Sweat rolled off his sun-reddened face as he threw his head back to drink. Most of the beer went pretty near his mouth. I laughed.

“So, all you do is sit in your hooch all day long and listen to your radio?”

I nodded. Walt laughed silently.

“Must be a real important part of the war effort.”

“It is, Walt. I report directly to General Westmoreland. It’s not my fault the fuckin’ VC haven’t learned to use radios yet. Anyhow, tell me about the 14 year-old you captured. You guys raid the Ho Chi Minh nursery or what?”

As if he’d suddenly discovered a great truth, Walt said, “This place really sucks!”

Of course he was right. North Field was a shit hole. The GP Medium I was living in was always hot, smelling of stale sweat. I ran into some extraordinary officers in Vietnam, but the MI officers we reported to were proof positive that “Military Intelligence” was an oxymoron. And after a year studying Vietnamese at Defense Language Institute, pretty much all I was picking up in my intercept work was static.

“Let’s go to Papa San’s for some tiger piss,” Walt urged. It didn’t take much urging on his part. Beer LaRue, I think, was the official French name. The bottle had a picture of a tiger on it, hence the moniker “tiger piss.”

Now Papa San’s was outside the wire on the west side of North Field. Walt was pretty sure he knew where the machine gun positions were, so we headed to the perimeter. I could just barely see him ahead of me running easily in the dark, half couched with his arms at his sides.
Sonofabitch! The ground rose up, and I fell again. Walt stopped.

“Nice going,” he said sweetly.

“I don’t do much of this shit when I’m sitting in my hooch,” I spat back.

Walt laughed and helped me up. “You okay?”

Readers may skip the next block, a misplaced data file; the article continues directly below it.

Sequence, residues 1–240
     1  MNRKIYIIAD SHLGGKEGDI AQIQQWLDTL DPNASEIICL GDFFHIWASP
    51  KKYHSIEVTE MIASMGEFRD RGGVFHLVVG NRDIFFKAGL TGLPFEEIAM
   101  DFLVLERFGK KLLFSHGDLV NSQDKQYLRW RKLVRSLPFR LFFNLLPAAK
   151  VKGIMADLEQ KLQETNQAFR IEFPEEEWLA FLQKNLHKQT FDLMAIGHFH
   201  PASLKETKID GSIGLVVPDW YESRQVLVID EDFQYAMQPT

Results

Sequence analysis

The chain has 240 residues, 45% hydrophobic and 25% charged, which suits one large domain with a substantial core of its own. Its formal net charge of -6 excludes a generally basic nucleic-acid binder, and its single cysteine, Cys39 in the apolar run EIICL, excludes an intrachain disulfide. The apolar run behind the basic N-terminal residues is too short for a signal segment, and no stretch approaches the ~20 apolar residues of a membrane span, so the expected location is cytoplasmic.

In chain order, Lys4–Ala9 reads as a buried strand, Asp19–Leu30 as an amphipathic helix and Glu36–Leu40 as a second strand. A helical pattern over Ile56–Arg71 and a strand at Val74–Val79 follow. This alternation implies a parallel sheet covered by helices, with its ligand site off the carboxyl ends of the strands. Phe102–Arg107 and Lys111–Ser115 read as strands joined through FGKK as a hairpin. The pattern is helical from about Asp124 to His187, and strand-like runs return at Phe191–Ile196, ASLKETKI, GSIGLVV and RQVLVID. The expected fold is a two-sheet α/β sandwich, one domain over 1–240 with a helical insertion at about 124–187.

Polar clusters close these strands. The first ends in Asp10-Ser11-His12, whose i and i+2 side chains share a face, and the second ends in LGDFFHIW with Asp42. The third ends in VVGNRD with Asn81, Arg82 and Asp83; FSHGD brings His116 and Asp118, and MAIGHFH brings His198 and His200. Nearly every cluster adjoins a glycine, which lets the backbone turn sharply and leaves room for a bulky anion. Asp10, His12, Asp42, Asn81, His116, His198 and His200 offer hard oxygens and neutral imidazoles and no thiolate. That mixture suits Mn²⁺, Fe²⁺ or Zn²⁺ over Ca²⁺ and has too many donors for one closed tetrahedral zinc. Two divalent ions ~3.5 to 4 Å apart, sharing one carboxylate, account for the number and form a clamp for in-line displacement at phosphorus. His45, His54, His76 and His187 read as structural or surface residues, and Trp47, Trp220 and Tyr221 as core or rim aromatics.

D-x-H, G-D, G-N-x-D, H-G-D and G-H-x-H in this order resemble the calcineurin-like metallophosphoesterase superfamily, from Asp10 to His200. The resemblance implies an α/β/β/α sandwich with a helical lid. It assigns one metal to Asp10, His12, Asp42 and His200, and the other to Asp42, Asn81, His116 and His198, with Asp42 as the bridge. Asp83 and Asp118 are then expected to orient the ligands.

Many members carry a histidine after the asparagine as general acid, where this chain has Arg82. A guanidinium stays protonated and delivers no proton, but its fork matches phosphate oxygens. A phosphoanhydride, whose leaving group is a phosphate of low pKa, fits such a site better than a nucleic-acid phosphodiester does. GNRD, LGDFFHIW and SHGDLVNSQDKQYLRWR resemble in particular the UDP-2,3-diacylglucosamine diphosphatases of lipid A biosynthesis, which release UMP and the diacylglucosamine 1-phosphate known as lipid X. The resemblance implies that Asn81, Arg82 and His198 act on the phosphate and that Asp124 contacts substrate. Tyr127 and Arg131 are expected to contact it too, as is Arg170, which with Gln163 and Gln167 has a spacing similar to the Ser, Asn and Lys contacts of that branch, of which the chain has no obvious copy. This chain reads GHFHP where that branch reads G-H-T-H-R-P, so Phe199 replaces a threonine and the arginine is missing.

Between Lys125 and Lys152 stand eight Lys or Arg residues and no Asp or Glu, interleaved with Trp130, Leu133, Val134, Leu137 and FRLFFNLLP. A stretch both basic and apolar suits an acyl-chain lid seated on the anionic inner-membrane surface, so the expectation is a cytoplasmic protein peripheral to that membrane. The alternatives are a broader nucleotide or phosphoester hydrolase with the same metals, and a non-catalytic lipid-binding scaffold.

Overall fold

“I’m pretty sure both my kneecaps are broken.”

Walt was deeply concerned. “How’s your dick?”

“Okay,” I said.

“Good. Then you really have nothing to bitch about! Let’s go.”

We crawled into a drainage ditch and moved to within fifty meters of the first machine gun position. Walt said to wait, climbed out of the ditch, and moved to the position. The ditch started spinning, and I closed my eyes.

Walt came back and said, “I know where we can get through the wire.”

“And we’re not going to get shot, right?”

“Probably not,” Walt said over his shoulder. I climbed out of the ditch and followed him. This was actually starting to feel like fun.

We crawled to three more foxholes to alert them that we were going through the fence to get a few brews.

Trip flares occasionally lighted up the sky, but that was typical so it was a pretty uneventful trip. We got a couple of what appeared to be quart bottles, found a comfortable place in the dunes, leaned back, and enjoyed the first cold beer we had consumed in nearly an hour. Unfortunately those were our last cold brews for awhile because they were the last two that Papa San had.

Mission accomplished, we went back in the way we came out only to realize that our internal clocks were announcing that the party was just getting started. Walt asked; “Why don’t we go for a little Rest and Recreation downtown, Lee?”

“Right, Walt. Where do we go for our evening passes? I’m sure they’re going to let us bust curfew.”

“No, man. We don’t need any passes. We’ll go out the north side of the perimeter the same way we went to Papa San’s. Nobody’s going to do anything. All we have to do is dodge the MPs.”

“I don’t know, Walt. People with security clearances aren’t supposed to be as adventurous as you LRRPs. If we get caught, I’m going to be in deeper shit than you’ll ever have to think about.”